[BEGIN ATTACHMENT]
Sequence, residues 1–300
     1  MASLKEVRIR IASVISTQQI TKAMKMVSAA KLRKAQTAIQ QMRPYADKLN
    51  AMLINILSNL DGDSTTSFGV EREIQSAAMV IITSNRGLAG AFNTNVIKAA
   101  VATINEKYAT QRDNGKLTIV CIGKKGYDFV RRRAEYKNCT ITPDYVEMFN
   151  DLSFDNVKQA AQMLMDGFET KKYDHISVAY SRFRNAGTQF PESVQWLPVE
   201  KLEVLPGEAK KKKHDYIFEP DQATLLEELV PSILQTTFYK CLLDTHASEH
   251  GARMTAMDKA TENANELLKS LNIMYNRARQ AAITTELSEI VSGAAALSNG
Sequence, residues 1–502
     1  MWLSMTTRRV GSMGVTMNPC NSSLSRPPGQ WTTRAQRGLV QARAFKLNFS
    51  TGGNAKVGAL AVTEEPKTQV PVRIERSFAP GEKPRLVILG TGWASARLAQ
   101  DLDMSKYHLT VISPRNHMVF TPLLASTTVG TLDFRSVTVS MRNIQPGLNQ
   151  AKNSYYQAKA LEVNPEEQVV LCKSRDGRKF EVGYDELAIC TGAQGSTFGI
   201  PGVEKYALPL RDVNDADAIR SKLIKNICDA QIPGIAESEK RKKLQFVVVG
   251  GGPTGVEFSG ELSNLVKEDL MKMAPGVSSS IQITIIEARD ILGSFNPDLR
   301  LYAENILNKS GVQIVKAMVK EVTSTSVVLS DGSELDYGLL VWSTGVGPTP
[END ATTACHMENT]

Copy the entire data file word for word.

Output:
Sequence, residues 1–300
     1  MASLKEVRIR IASVISTQQI TKAMKMVSAA KLRKAQTAIQ QMRPYADKLN
    51  AMLINILSNL DGDSTTSFGV EREIQSAAMV IITSNRGLAG AFNTNVIKAA
   101  VATINEKYAT QRDNGKLTIV CIGKKGYDFV RRRAEYKNCT ITPDYVEMFN
   151  DLSFDNVKQA AQMLMDGFET KKYDHISVAY SRFRNAGTQF PESVQWLPVE
   201  KLEVLPGEAK KKKHDYIFEP DQATLLEELV PSILQTTFYK CLLDTHASEH
   251  GARMTAMDKA TENANELLKS LNIMYNRARQ AAITTELSEI VSGAAALSNG
Sequence, residues 1–502
     1  MWLSMTTRRV GSMGVTMNPC NSSLSRPPGQ WTTRAQRGLV QARAFKLNFS
    51  TGGNAKVGAL AVTEEPKTQV PVRIERSFAP GEKPRLVILG TGWASARLAQ
   101  DLDMSKYHLT VISPRNHMVF TPLLASTTVG TLDFRSVTVS MRNIQPGLNQ
   151  AKNSYYQAKA LEVNPEEQVV LCKSRDGRKF EVGYDELAIC TGAQGSTFGI
   201  PGVEKYALPL RDVNDADAIR SKLIKNICDA QIPGIAESEK RKKLQFVVVG
   251  GGPTGVEFSG ELSNLVKEDL MKMAPGVSSS IQITIIEARD ILGSFNPDLR
   301  LYAENILNKS GVQIVKAMVK EVTSTSVVLS DGSELDYGLL VWSTGVGPTP